Responding to and Evaluating Texts
1.8 make judgements and draw conclusions
about ideas in texts and cite stated or
implied evidence from the text to
support their views
Teacher prompts: “What conclusions
can you draw from the events or information presented in the text?” “Has
the author chosen the most convincing
facts to support his or her opinion?”
We've been looking at short informational texts. I've been using articles about Space because I believe that as much as possible, it makes sense to tie in my content areas to my Language program (it's like killing two -or three or four - birds with one stone).
Here is my "Instructional Pathway" for Reading from the last two weeks.
I actually put our specific expectation from the Language Curriculum document up on LCD projector, read it to the students, and said, "It is difficult to make sense of this expectation, how can we put it into our own words so that it makes sense to us?". This is what my students came up with for our Learning Goal in Reading:
Then, I read aloud a passage called "Space Junk" and modeled for them how I paused to check for understanding, how I asked questions as I read, and how I made connections and inferences to better understand the text.
The next day, I took a text from our EQAO samples called "The Constellations", (found on line; even if you are not from Ontario, there is a great selection of texts and student exemplars found here). Again, I modeled how I used the comprehension strategies to understand the text, but this time I used a document camera so that I could mark up the text and they could "see" my thinking.
We looked at the open response questions from EQAO that went with this particular text. I made several copies of the student exemplars from each level, and in groups, my students had to order the responses, and then provide "feedback" to the students who wrote the responses, i.e. what they did well, what next steps they should take to "bump up" their work. My kids LOVED doing this! They wanted to know if they could really send their feedback to these sample students! They even decided to name their "mystery students"!
We posted the student exemplars on our "Bump it Up Wall" along with post-it notes with our feedback, as we did a couple of months ago with our Math journal samples.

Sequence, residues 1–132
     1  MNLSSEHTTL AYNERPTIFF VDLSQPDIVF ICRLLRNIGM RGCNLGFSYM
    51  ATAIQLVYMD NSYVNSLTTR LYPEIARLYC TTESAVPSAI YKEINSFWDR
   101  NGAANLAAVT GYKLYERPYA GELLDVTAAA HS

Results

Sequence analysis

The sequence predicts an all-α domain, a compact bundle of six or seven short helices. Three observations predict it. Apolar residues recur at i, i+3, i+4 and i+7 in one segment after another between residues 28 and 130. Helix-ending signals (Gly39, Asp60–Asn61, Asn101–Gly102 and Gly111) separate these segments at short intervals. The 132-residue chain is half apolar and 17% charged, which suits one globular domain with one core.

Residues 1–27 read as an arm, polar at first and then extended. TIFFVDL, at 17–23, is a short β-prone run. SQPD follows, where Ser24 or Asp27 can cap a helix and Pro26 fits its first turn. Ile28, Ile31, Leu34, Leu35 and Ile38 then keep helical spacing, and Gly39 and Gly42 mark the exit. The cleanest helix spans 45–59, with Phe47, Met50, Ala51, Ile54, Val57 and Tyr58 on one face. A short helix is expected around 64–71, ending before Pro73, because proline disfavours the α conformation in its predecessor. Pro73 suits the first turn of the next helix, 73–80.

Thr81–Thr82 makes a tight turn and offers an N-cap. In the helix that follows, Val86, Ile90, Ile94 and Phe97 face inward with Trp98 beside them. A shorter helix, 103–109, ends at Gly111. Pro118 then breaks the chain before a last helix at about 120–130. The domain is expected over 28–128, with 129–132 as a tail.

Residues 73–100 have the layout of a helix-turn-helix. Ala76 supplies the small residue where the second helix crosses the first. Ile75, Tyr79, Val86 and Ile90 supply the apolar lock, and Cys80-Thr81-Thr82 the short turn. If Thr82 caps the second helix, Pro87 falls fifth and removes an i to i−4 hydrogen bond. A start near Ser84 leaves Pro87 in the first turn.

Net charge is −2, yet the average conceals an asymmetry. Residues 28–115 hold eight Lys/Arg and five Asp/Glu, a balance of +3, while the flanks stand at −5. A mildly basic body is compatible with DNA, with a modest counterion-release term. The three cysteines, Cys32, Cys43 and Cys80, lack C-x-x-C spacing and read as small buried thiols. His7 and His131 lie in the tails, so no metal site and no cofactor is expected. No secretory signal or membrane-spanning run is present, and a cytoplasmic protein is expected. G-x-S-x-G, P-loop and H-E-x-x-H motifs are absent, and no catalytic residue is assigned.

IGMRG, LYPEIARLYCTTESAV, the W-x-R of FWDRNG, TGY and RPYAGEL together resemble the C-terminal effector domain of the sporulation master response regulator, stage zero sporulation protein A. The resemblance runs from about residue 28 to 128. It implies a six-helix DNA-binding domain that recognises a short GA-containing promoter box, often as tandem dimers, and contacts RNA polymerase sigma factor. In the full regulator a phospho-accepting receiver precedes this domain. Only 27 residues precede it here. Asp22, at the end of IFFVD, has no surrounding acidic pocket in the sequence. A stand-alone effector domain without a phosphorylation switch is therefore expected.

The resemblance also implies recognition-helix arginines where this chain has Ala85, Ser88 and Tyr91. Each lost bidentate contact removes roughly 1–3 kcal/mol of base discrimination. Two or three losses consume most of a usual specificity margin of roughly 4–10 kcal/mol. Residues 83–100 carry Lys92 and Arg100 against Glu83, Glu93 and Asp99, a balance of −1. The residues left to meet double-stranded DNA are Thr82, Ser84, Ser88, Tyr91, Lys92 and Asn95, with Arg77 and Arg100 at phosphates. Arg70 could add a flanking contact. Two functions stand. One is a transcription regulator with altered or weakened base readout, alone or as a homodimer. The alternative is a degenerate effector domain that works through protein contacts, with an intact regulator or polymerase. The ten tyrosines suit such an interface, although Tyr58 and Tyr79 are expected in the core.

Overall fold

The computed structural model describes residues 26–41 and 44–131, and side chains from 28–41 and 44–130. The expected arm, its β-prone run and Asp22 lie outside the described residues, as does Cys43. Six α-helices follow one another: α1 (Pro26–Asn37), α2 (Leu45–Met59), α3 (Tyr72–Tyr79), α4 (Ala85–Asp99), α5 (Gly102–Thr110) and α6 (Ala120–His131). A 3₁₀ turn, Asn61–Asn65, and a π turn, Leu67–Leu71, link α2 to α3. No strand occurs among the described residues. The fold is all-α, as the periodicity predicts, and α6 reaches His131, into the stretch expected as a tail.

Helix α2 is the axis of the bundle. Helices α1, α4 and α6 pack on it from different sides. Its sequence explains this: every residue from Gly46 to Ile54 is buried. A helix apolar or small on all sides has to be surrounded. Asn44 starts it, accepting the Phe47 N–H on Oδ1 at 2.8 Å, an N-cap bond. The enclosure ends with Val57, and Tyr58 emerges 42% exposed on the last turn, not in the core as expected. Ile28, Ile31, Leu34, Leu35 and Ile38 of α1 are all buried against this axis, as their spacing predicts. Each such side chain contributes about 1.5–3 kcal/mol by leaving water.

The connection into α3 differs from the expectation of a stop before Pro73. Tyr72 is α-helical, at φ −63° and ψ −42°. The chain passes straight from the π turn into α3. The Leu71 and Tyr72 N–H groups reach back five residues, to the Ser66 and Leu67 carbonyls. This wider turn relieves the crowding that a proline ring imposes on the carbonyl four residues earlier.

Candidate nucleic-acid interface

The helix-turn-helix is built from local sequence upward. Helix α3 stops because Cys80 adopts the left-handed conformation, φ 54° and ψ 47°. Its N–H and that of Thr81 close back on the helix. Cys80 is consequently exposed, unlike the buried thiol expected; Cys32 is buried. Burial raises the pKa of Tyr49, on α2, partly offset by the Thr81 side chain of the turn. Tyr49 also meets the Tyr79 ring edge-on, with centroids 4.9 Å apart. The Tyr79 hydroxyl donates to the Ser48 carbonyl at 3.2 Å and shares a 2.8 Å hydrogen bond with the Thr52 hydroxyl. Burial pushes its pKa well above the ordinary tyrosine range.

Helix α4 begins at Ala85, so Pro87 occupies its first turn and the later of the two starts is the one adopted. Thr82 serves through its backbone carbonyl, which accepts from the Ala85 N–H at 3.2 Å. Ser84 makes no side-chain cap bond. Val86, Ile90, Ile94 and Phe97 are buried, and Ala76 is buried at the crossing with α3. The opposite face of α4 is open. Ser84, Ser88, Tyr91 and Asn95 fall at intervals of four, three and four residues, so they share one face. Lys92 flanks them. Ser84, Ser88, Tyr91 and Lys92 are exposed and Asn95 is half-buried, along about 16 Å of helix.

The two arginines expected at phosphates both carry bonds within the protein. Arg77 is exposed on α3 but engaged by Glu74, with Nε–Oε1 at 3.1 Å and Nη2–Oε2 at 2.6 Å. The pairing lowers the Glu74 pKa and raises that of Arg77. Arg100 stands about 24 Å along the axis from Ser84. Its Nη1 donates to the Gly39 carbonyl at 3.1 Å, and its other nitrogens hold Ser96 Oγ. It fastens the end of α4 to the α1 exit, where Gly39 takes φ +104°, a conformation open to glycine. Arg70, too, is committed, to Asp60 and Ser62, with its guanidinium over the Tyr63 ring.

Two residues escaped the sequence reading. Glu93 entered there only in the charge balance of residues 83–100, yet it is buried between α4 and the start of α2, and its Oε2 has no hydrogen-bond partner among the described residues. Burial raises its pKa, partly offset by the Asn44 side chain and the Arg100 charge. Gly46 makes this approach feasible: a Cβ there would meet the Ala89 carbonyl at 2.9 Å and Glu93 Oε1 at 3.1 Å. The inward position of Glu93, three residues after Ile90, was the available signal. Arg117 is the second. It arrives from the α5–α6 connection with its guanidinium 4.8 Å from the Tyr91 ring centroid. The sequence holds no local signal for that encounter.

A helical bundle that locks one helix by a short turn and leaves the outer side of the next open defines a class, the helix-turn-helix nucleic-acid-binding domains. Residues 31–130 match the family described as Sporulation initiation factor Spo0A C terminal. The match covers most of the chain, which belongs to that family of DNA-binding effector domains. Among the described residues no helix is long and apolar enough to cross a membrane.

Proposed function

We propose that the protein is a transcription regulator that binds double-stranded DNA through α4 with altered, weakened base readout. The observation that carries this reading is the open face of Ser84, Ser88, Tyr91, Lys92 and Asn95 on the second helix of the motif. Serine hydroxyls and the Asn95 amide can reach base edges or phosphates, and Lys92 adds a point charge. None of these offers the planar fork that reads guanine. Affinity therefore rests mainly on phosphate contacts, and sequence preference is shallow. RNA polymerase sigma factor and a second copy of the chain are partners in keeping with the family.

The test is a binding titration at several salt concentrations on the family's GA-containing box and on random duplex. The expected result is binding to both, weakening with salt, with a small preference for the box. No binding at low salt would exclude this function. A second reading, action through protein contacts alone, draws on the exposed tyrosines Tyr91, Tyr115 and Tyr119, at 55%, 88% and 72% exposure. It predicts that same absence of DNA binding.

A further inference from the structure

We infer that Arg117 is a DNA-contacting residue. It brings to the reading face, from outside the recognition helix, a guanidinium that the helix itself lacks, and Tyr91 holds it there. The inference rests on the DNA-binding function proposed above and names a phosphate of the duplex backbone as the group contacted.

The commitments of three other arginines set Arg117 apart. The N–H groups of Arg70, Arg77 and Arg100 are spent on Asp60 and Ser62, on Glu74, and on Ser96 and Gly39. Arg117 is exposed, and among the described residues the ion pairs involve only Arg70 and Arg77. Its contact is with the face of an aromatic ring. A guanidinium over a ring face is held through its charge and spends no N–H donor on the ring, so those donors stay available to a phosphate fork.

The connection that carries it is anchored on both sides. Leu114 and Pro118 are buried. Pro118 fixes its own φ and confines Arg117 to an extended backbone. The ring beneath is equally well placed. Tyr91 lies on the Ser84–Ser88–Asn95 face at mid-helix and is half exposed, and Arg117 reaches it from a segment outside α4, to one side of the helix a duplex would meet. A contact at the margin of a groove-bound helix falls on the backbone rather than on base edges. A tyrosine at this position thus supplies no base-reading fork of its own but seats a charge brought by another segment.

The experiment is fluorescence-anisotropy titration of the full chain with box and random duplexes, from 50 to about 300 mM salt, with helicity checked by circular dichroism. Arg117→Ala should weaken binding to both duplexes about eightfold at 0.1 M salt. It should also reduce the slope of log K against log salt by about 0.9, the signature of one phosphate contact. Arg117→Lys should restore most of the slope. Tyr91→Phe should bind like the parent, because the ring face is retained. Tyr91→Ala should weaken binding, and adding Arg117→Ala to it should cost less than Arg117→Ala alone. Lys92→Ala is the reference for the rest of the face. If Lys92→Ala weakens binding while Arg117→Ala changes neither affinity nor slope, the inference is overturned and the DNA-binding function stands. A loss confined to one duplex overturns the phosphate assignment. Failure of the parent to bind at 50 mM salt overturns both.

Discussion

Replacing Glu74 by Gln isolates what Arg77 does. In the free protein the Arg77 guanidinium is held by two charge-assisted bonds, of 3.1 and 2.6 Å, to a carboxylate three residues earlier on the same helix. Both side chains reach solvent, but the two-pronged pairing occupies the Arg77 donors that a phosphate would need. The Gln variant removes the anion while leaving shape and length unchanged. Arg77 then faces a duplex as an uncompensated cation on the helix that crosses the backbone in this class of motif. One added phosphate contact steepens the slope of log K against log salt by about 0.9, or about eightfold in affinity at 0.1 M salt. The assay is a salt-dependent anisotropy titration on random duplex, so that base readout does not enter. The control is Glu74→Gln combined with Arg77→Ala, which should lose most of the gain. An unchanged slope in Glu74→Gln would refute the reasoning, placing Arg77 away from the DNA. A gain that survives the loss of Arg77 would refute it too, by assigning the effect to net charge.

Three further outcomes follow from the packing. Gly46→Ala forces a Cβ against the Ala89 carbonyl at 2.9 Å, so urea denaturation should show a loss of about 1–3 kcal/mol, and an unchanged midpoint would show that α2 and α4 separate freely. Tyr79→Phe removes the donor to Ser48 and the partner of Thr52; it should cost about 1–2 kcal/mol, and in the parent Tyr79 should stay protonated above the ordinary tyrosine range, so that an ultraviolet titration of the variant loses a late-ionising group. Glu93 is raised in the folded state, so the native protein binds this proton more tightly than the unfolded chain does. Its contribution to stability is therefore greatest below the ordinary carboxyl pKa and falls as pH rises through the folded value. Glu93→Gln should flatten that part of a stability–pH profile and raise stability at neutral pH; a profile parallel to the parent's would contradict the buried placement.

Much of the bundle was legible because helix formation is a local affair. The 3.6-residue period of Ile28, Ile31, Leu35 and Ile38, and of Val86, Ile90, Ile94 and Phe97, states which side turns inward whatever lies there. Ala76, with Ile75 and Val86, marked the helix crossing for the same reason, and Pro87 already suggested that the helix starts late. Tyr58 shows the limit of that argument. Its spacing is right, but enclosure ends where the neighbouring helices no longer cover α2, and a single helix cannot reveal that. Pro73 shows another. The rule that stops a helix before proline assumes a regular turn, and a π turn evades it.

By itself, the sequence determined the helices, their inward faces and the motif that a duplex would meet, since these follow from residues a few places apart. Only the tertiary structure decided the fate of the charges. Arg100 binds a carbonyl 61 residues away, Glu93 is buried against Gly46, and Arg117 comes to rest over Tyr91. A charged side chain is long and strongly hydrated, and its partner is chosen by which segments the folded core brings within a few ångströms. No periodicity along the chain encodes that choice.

I asked the students to consider the feedback we gave our "mystery students" the previous day, and in groups, they then began to consider what they felt are the criteria for success for a good reading response. We took those up, and as a class wrote up the Success Criteria for a successful reading response.
Between Day 3 and Day 4, we had a PLC on Learning Goals and Success Criteria. We watched a video from Anne Davies and Sandra Herbst's blog on how to have students co-create Success Criteria. In the video, the teacher said that it is important to have the students sort or categorize the criteria. I was doubtful about this step, but my Literacy Coach wanted my to try it with my students. This is what they came up with - and honestly, these criteria suddenly made more sense to me - I love it when I get to learn from my students!
With that established, I once again had an article to share with them, this time on our favourite Canadian astronaut, Chris Hadfield, (from Teaching Kids News), using the document camera. This time, they each had a copy of the article in front of them and we did a shared reading of the article. We coded the text together, they shared their thinking, I shared mine, and we documented ALL of it on our articles.
I posted a question from the article on Chris Hadfield. With a partner, the students wrote a response to the question using the Success Criteria as a guide. We then used the document camera to review each response and provide feedback. I find the students are quite comfortable with this for a few reasons; 1- we have created a risk-free environment where it is safe to make mistakes, 2- they were explicitly taught how to give feedback in appropriate ways, our feedback is now solely based on the criteria, 3- because they worked in partners, it is less personal.
Using all of the feedback, we share-wrote a final response together using the document camera.
I think it is very important to use the gradual release model in our teaching practice. It is slow, and explicit, but I think it pays off in the end.
So what comes next? The students will meet with me in small groups and I will give them guided support in responding to informational texts at their reading levels. They will also have opportunities to practice responding to these texts with a partner, and then on their own. I will provide them with feedback throughout, and they will also provide one another with feedback. Once we've had lots of practice and feedback, I will then do an Assessment OF Learning to see if they have in fact "bumped up" their work!